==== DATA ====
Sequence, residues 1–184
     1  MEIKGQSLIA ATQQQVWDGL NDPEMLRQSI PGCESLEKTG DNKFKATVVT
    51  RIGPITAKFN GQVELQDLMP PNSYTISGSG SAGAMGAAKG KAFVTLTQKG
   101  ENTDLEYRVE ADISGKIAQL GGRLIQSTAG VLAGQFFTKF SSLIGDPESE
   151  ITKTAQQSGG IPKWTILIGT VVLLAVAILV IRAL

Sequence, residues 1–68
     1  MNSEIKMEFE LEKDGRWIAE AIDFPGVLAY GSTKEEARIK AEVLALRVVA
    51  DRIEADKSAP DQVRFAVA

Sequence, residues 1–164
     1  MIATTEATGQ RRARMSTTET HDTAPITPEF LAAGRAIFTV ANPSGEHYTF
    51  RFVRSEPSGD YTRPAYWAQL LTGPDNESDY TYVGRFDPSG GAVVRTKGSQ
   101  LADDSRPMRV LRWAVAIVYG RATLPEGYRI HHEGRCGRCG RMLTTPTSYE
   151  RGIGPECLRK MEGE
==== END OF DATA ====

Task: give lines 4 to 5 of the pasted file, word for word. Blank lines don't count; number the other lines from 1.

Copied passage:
   101  ENTDLEYRVE ADISGKIAQL GGRLIQSTAG VLAGQFFTKF SSLIGDPESE
   151  ITKTAQQSGG IPKWTILIGT VVLLAVAILV IRAL